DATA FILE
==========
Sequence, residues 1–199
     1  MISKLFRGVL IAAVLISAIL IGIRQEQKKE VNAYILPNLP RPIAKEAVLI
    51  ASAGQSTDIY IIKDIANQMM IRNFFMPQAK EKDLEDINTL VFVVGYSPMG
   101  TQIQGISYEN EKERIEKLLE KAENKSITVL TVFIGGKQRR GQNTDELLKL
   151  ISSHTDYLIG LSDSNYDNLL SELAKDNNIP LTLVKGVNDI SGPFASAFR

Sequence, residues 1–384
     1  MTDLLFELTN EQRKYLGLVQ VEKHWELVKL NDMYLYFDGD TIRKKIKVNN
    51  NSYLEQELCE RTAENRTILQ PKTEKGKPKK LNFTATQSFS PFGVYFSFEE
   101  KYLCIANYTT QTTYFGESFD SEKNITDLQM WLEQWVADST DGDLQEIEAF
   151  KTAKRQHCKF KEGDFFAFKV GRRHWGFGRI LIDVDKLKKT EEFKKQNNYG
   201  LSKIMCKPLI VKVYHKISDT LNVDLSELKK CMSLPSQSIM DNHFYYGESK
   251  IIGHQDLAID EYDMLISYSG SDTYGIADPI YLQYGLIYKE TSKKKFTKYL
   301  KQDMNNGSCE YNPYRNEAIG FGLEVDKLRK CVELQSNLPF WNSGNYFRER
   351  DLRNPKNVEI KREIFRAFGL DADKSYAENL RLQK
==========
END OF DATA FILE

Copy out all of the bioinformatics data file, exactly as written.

Sequence, residues 1–199
     1  MISKLFRGVL IAAVLISAIL IGIRQEQKKE VNAYILPNLP RPIAKEAVLI
    51  ASAGQSTDIY IIKDIANQMM IRNFFMPQAK EKDLEDINTL VFVVGYSPMG
   101  TQIQGISYEN EKERIEKLLE KAENKSITVL TVFIGGKQRR GQNTDELLKL
   151  ISSHTDYLIG LSDSNYDNLL SELAKDNNIP LTLVKGVNDI SGPFASAFR

Sequence, residues 1–384
     1  MTDLLFELTN EQRKYLGLVQ VEKHWELVKL NDMYLYFDGD TIRKKIKVNN
    51  NSYLEQELCE RTAENRTILQ PKTEKGKPKK LNFTATQSFS PFGVYFSFEE
   101  KYLCIANYTT QTTYFGESFD SEKNITDLQM WLEQWVADST DGDLQEIEAF
   151  KTAKRQHCKF KEGDFFAFKV GRRHWGFGRI LIDVDKLKKT EEFKKQNNYG
   201  LSKIMCKPLI VKVYHKISDT LNVDLSELKK CMSLPSQSIM DNHFYYGESK
   251  IIGHQDLAID EYDMLISYSG SDTYGIADPI YLQYGLIYKE TSKKKFTKYL
   301  KQDMNNGSCE YNPYRNEAIG FGLEVDKLRK CVELQSNLPF WNSGNYFRER
   351  DLRNPKNVEI KREIFRAFGL DADKSYAENL RLQK